Monday, July 11, 2016

The Journey Begins

I'm sure there will be some who disagree, but in my limited experience, Filipinos are all about instant gratification which makes it hard for them to kick jet lag. When I fly halfway across the world, as tired as I am, I force myself to stay away during daylight hours and sleep at night. Usually it only takes a few days to acclimatize my body to the new reality and I'm good to go. The Filipinos that I hang out with will fall asleep whenever the urge to strikes and it generally takes them two to three weeks to acclimatize to the new time zone at their pace. So I combat this by giving them one day free and then plan an action packed day where they have neither the time or the place to nap and force them into our time zone. Thus on the second day my brother-in-law's family were here, we set out in the van above which we rented so we could all ride together where ever we may go.

The key to curing jet lag is to not give them a time or place to sleep so we took them to nearby sites where I grew up. First we went to an old river town along the river, the first of a couple we stopped at.

I've shown this one before but this is an old mill that is now probably one of the only fine dining options in our county. Their smoked and brined pork chops are heavenly along with all their food. We didn't stop to eat there on this day but I did take a picture.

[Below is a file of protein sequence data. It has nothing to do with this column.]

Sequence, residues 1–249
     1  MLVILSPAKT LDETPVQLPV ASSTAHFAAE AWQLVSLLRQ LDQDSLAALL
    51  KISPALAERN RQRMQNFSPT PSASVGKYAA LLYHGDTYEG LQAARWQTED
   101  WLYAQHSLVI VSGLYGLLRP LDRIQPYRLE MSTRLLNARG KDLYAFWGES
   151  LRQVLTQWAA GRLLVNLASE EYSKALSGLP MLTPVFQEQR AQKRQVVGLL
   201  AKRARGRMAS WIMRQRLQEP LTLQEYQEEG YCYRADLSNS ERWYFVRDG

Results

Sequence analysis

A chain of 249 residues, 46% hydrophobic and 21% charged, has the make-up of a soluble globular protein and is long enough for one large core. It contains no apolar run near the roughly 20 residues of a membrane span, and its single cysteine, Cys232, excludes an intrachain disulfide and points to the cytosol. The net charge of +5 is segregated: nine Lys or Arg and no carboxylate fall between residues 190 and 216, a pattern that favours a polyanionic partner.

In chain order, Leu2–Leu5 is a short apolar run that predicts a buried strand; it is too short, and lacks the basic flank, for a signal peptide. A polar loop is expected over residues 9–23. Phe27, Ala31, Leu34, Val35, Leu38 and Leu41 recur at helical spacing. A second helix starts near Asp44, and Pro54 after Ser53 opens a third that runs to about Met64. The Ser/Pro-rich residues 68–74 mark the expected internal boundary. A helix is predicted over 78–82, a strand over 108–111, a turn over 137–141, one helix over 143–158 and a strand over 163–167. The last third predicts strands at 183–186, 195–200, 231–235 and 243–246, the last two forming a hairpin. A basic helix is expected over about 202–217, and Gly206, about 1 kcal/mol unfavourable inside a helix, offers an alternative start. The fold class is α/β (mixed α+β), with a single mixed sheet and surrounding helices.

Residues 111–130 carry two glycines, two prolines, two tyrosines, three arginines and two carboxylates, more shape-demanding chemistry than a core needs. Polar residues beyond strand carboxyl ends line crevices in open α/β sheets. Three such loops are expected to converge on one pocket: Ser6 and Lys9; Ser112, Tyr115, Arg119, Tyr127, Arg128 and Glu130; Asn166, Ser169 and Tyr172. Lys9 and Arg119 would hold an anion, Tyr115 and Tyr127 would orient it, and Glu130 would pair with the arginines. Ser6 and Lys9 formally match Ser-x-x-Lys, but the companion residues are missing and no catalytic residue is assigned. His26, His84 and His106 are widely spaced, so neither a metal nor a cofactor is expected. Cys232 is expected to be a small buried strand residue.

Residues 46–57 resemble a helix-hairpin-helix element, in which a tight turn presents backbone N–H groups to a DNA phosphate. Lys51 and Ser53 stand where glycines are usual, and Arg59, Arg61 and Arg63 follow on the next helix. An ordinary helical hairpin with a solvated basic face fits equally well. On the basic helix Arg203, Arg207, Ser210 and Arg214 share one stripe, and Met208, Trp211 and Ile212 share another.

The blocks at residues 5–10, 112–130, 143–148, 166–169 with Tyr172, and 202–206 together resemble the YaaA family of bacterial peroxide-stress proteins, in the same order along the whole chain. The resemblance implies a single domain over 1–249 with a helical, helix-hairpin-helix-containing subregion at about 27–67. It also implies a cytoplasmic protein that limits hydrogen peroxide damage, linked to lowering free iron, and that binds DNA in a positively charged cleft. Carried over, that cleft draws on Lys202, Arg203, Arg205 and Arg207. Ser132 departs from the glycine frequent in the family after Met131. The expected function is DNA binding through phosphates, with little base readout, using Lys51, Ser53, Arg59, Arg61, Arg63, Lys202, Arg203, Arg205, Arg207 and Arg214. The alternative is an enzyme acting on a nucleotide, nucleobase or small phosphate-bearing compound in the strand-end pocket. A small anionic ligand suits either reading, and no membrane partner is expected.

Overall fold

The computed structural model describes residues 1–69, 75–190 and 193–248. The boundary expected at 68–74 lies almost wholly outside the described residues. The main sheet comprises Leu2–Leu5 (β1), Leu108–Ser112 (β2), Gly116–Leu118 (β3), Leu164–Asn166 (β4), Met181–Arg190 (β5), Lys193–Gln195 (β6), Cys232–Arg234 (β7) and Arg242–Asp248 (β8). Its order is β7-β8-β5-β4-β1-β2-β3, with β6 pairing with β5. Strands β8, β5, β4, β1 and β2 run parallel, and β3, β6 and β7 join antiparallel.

It was a fine day and while we adults were walking around taking pictures and stretching our legs, the kids were having a ball in the nearby playground.


sage said...

It appears that you had a good time showing off the midwest (they've seen things most tourist to this country will never see)!

Ed said...

Sage - We were trying mostly to give them the flavor of living in the U.S. versus seeing sites that were important to U.S. history. That meant taking them to some historical sites but it also meant taking them shopping, seeing how vast the U.S. really is and unpopulated compared to the Philippines. I've told them many times when in the Philippines that cars were not a luxury here but a necessity and my brother-in-law told me he never understood that until we drove to Texas from Iowa. Even driving across our town he commented on how far it would be to walk just to do everyday tasks.

Kelly said...

That's a whopper of a van and almost looks like you'd need a CDL to drive it!

Your photos are great and I especially like the river shot. I like that you chose to give them a broad overview rather than just focusing on "touristy" things.

I'd hate to have to walk everywhere. The closest place to buy anything is a gas station/convenience store 2-1/2 miles away! The vastness of the US is something you truly have to experience first hand.

Bob said...

Love those shots especially the old mill w the paddle wheel. I'm with you on the travel and jet lag, except I've been able to take a quick nap, then get back up and go to bed at a normal time that night, and by then I've adapted.

ErinFromIowa said...

Our beautiful Iowa. Wonderful photos Ed. I will be thinking positive and healing thoughts for your Mom.

Ed said...

Kelly - Fortunately it doesn't qualify for weight, cargo, or number of passengers so I didn't need a CDL. However, I sure didn't like having to get around tight city quarters in that thing.

Bob - The first day is hard to adjust for which is why I always give them a day off before I force the adjustment!

Erin - I think Iowa is definitely under rated but then, I may be biased!

Linda said...

Looks like a great time. Your photos are lovely!

Ed said...

Linda - Thank you, we did have a great time!